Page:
From "Chiller."

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By Joe Bendel. Yorkshire is known for its green hills and savory pudding. However, the region is also rife with supernatural activity, if one can judge from a Yorkshire produced anthology series that aired in 1995. While totaling only five episodes, it built up a cult following, so this should be a happy Christmas for fans now that Chiller—the Complete Television Series has just been released on DVD by Synapse.

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ITV may not have done Chiller any scheduling favors, but the show maintained a surprisingly gritty, mature vibe. Indeed, one of the striking consistencies throughout each installment is the rather grim, depressed look of the characters’ environment. In fact, a bit of urban renewal kicks off a whole mess of trouble in the initial episode, Prophecy.

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Francesca Monsanto’s family diner is about to face the wrecking ball, but not before some of her drunken hipster friends convince her to hold a séance in the basement. It always creeped her out down there—with good reason. It was loads of laughs at the time, but one by one they suffer grisly accidents that were in some way foretold by the Ouija board. Stranger still, the son of her fabulously wealthy new boyfriend seems to be involved somehow. Featuring Chariots of Fire’s Nigel Havers as the well-heeled Oliver Halkin, Prophecy is one of the best of the series, cleverly blending all kinds of genre elements, including ancient evils and exorcisms. It will also be of particular interest to teen horndogs for Sophie Ward’s fleeting nude scene as Monsanto.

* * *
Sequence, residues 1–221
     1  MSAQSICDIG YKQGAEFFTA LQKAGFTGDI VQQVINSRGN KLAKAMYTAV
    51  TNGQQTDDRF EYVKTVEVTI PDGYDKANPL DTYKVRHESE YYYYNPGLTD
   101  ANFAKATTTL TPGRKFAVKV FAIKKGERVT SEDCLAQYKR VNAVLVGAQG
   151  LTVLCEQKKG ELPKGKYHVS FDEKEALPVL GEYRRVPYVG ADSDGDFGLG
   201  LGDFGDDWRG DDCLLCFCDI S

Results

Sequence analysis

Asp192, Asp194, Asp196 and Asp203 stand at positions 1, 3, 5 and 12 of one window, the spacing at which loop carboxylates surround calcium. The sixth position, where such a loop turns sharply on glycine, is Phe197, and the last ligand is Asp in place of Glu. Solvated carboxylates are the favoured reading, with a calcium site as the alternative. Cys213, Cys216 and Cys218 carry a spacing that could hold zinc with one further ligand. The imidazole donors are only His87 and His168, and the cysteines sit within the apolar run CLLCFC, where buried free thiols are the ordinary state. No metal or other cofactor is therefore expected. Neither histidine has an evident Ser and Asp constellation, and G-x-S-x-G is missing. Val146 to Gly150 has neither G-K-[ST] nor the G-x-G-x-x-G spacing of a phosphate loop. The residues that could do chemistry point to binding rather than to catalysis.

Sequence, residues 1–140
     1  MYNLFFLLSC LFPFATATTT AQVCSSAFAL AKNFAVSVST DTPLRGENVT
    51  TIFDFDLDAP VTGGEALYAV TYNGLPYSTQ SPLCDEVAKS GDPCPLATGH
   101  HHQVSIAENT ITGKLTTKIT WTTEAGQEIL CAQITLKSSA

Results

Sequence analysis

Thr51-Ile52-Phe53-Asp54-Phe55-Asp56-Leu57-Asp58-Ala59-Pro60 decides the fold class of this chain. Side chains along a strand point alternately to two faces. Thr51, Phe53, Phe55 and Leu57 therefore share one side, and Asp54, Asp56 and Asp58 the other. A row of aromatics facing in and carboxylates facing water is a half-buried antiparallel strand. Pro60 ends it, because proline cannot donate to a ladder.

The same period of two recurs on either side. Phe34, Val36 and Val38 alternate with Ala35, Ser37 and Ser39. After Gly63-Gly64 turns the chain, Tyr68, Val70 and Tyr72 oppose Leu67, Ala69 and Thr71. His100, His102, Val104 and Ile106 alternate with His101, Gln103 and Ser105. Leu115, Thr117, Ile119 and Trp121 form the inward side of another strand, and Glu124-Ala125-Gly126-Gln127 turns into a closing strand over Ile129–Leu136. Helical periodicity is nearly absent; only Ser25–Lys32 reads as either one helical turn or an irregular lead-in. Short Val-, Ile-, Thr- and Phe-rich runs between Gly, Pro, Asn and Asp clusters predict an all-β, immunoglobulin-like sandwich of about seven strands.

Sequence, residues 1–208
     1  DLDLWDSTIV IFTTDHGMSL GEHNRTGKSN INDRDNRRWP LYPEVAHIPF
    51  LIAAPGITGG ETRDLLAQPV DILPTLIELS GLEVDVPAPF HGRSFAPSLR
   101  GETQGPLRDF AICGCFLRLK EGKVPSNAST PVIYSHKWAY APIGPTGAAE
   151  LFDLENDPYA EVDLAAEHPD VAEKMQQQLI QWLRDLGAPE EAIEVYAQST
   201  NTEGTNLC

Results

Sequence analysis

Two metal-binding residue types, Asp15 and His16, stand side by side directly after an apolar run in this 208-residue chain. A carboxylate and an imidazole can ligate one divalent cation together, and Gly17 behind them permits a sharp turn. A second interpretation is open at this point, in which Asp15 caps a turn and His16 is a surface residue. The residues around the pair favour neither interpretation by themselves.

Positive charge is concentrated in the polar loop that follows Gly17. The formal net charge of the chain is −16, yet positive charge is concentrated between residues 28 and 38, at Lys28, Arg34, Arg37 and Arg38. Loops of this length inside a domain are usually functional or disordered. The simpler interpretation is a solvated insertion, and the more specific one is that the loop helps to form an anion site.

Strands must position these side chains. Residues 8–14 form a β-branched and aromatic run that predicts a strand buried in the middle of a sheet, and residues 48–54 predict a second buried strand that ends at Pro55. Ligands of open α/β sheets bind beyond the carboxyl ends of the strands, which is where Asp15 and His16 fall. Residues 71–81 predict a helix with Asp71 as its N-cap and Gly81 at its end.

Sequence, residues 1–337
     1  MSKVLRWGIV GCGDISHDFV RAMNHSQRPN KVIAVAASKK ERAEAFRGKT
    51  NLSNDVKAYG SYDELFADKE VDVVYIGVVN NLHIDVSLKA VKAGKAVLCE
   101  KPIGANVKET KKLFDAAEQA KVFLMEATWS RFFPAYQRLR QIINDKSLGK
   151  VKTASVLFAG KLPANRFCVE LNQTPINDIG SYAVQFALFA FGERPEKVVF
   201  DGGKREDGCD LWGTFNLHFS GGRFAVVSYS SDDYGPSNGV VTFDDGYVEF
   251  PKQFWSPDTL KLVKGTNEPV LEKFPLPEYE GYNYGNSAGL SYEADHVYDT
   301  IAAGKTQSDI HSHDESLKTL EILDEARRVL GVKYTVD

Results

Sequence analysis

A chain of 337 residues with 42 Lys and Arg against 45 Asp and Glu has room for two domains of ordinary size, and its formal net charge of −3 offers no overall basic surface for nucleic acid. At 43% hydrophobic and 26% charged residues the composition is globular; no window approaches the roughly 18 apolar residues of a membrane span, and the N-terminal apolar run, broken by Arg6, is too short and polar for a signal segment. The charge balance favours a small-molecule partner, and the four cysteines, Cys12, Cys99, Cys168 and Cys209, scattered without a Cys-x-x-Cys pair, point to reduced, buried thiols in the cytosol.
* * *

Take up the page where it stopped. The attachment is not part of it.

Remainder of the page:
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In contrast, Toby, the second episode, is the weakest of the short-lived series. Miscarrying after an auto accident, Louise Knight and her husband naturally move into a spooky old house with a macabre history, hoping to start over. Before long, she appears to be pregnant again, but the ultrasound says otherwise. Essentially, Toby recycles elements of Bradbury’s story “The Small Assassin” and scores of subsequent demonic baby films.

From "Chiller."

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Here Comes the Mirror Man represents a return to atmospheric form for the series, capitalizing on the eeriness of the abandoned church where a young social services case is squatting with his homicidal imaginary friend, Michael. Phyllis Logan (widely recognizable from Downton Abbey and Lovejoy) stars as Anna Spalinsky, the lucky caseworker who inherits Gary Kingston’s file when her predecessor dies an untimely death.

Beginning like the standard “skeptic learns the hard way” tale, The Man Who Didn’t Believe in Ghosts develops some interesting twists and ambiguities. Richard Cramer is an Amazing Randy style writer whose books discredit paranormal humbug. Suffering a stroke after a television appearance, he naturally relocates with his family to the big, spooky Windwhistle Hall, where the former owner’s wife died in a tragic “sleep-walking” accident. Why doesn’t anyone ever want to recuperate in the city, with plenty of people around? Nevertheless, the Cramers cannot resist the low asking price, only to be terrified by a series of mysterious accidents as soon as they move in. Of course, Cramer is not going anywhere, lest he commit professional suicide.

Just as it began, Chiller ends with one of its strongest episodes. Every full moon, a serial killer preys on the children of the aptly named burg of Helsby in Number Six, perhaps inspired by the ancient druid rituals once (and maybe still) practiced in the region. Indeed, there may be both human and supernatural agencies involved. Quite engaging as a police procedural, Number Six also boasts some of the series’ most sinister moments.

Arguably, Chiller makes perfect sense for Christmas viewing.  There is a big turkey dinner at the Cramers (which becomes magically infested with maggots), a mass is held (as part of an exorcism), and kids chant nursery rhymes (derived from old Druidic rites). As a stocking stuffer for anyone who enjoys horror anthologies like Tales from the Crypt and Hammer House of Horror, Chiller is a solid bet. Recommended for fans of British genre television, the short but complete series is now available on DVD from Synapse Films.

Posted on December 21st, 2012 at 10:28am.

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